Can Atlanta, a city built for cars, make room for bikes?

As more cyclists arrive, the city is trying to accomodate them

I’ve been riding to and from work several days per week since May. Everything they tell you about the benefits of cycle commuting is true: I’ve lost eleven pounds, my back and neck are no longer stiff at the end of the workday, my posture has improved, my resting heart rate has dropped, and I’m saving gas money. Oh, and chicks dig it. And by chicks, I mean my four- and one-year-old daughters, who cheer when they see me on a bike.

Photo Illustration by Kyle Burdg
Photo Illustration by Kyle Burdg

Although cycling adds about fifteen minutes each way to my six-mile commute, they’re some of the most pleasurable minutes of my day. I observe quirky and interesting buildings that I probably drove by hundreds of times without noticing. While I sometimes breathe car exhaust, I also smell trees in bloom and pizzas baking at Ammazza. I hear songbirds and watch hawks circling lazily over Coan Park (hunting rodents, I imagine, but can’t confirm).

If the number of cyclists here seems to be increasing, that’s because it is. Between 2000 and 2009, Atlanta (the city, not the metro area) registered the country’s highest increase in bike commuting. That statistical surge predates the opening of the Atlanta BeltLine’s Eastside Trail, which makes it possible for cyclists and pedestrians to get from the Old Fourth Ward/Inman Park to the edge of Morningside and Piedmont Heights while crossing only one car-trafficked intersection (Monroe Drive and Tenth Street).

The cycling boom seems likely to continue. More than 16,000 intown apartment units were proposed or already under construction in the first quarter of 2014, nearly double the number in 2013. The people shunning large homes in the suburbs for smaller spaces in town are often the ones trading in cars for walking, transit, and biking.

As more cyclists arrive, the city is trying to accommodate them. Speaking to the Atlanta Bicycle Coalition’s commuter breakfast in August, Jonathan Lewis of the city’s planning and transportation department said additional bike lanes are included in Atlanta’s comprehensive infrastructure bond issue that will face a referendum next year. While the total has not been finalized, the coalition is petitioning for $37 million in cycle-related improvements, which it claims could add an additional 100 miles of bike-friendly roadways.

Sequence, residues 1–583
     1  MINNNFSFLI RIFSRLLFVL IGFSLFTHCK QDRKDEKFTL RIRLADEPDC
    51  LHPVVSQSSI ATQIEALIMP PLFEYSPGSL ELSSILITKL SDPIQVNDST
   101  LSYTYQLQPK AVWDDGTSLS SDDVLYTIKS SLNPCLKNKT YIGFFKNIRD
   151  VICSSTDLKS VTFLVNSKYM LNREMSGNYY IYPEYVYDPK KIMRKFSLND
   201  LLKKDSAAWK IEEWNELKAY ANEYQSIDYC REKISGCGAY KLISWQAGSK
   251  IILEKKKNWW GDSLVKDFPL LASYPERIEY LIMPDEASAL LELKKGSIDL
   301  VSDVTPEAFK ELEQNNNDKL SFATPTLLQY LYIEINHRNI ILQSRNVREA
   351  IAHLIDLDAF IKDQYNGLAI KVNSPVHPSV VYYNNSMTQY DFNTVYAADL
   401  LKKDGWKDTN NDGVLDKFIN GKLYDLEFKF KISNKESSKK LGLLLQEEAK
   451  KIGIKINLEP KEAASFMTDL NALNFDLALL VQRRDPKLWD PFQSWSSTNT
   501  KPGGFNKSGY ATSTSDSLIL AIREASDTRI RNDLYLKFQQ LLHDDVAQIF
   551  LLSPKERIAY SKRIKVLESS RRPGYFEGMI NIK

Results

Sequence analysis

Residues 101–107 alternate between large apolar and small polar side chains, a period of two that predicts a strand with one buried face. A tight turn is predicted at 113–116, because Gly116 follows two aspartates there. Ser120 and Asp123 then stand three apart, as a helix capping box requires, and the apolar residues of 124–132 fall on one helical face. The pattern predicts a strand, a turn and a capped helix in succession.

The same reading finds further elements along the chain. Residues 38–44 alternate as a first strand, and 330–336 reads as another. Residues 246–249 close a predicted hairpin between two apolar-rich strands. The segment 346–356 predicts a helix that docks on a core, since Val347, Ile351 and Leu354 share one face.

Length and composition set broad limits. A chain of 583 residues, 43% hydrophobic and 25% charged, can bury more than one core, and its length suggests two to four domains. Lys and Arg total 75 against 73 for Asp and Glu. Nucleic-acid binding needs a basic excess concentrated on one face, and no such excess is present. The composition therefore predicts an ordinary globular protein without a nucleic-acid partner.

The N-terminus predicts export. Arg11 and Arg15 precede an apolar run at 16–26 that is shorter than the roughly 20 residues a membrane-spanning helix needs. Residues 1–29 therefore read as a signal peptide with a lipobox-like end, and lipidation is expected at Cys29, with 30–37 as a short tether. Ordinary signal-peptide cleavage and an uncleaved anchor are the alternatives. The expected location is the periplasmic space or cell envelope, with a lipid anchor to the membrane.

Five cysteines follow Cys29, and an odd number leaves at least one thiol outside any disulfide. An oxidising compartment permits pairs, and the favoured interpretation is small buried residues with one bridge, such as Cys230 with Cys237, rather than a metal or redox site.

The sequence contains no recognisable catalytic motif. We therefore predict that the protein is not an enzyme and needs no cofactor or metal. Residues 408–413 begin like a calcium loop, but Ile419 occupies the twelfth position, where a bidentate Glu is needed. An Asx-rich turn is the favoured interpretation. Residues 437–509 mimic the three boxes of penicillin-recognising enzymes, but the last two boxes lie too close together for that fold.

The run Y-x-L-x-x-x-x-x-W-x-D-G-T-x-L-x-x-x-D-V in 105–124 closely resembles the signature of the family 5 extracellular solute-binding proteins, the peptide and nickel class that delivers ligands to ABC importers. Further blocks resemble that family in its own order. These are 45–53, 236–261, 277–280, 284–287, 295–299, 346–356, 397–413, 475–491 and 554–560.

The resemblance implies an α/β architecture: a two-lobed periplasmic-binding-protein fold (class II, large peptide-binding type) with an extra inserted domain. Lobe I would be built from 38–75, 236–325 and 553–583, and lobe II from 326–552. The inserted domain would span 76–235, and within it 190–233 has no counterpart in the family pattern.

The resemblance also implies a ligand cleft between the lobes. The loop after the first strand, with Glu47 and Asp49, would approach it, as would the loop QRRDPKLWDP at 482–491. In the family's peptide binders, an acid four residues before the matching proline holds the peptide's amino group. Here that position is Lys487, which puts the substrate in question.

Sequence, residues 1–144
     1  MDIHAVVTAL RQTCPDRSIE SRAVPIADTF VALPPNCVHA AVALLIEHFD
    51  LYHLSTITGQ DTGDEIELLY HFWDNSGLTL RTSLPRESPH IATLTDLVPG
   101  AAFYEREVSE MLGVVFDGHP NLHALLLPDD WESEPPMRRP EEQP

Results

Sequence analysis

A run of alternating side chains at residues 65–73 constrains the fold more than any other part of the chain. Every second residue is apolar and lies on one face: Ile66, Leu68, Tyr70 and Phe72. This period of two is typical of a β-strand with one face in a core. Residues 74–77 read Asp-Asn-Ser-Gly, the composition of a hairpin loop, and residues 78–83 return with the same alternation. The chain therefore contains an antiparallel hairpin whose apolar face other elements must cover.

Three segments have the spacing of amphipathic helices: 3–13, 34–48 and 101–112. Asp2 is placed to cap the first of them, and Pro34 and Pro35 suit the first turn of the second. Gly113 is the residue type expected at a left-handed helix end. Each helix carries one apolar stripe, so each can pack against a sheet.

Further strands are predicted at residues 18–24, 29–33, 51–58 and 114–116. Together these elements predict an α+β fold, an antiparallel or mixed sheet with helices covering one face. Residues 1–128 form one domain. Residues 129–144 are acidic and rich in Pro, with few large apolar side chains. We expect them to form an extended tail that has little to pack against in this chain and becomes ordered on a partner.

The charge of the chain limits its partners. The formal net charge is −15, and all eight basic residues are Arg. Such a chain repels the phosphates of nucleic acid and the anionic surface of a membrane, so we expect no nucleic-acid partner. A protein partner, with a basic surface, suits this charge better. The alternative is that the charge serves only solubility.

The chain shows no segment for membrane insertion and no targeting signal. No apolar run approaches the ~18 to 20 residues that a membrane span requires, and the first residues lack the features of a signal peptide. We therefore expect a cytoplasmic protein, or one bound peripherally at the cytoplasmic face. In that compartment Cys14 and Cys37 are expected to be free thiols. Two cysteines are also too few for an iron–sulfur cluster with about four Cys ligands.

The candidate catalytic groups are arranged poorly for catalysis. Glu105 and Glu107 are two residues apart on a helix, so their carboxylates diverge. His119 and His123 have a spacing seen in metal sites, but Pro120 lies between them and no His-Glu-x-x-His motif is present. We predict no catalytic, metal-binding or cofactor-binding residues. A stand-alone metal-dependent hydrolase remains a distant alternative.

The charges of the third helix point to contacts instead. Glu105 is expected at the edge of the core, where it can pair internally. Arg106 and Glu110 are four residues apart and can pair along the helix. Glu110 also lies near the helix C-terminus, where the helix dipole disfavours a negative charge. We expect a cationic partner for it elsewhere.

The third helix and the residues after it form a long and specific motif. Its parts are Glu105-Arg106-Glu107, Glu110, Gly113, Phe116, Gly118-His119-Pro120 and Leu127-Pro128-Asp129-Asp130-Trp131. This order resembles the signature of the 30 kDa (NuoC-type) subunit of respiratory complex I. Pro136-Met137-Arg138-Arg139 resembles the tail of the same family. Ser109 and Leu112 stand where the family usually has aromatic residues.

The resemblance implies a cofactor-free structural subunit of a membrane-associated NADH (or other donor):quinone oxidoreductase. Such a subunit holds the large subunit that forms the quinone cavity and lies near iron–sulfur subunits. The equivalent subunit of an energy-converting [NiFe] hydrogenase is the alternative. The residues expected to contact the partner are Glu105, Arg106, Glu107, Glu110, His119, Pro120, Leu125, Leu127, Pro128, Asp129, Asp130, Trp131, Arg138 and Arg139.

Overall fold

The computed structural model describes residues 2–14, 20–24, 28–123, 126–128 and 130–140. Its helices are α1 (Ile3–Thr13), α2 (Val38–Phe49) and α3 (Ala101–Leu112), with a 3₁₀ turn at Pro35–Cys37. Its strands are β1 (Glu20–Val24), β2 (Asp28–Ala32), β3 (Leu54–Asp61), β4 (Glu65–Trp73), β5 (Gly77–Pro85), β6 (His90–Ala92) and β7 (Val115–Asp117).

One road that might get a bike lane is DeKalb Avenue. With its fast-moving, heavy traffic; abundant potholes; and reversible (aka “suicide”) lanes, this east-west artery is uniquely pedestrian- and bike-hostile, but connects some of Atlanta’s otherwise pedal-friendliest neighborhoods. Such lanes are often preferred by both drivers—who like not having to veer into oncoming traffic to pass a bicycle—and cyclists, who appreciate the lane lines as literal black-and-white reminders that drivers are required by law to share roads.

The lanes aren’t universally loved, though. Our ingrained cars-first attitude is laid bare when even cycling fans use the term road diet to refer to restriping existing roads to squeeze in space for bikes. “There are so many pebbles, loose dirt, and people opening their car doors,” says Hommood Alrowais, a Georgia Tech graduate student who cycles to campus from Adair Park.

Jennifer Kuzara, who bike commutes between her Downtown office and her home in Edgewood, says she tries to be an ambassador for cycling by stopping at signs and lights during her commute. She’s annoyed by cyclists she calls “dude bros”: people whose aggressive riding, disregard for the rules of the road, and confrontational attitude can turn drivers against all bike commuters. “I’m not interested in confrontation,” she says. “I just enjoy being out there.”

For Kuzara, though, biking is about more than fun; it’s about a public good. “What I hope drivers understand, even if they don’t ride bikes, is that people riding is good for them,” she says. “Every person on a bike is one less person in a car.”

Four ways to ride together


This article originally appeared in our October 2014 issue under the headline “Share the Road.”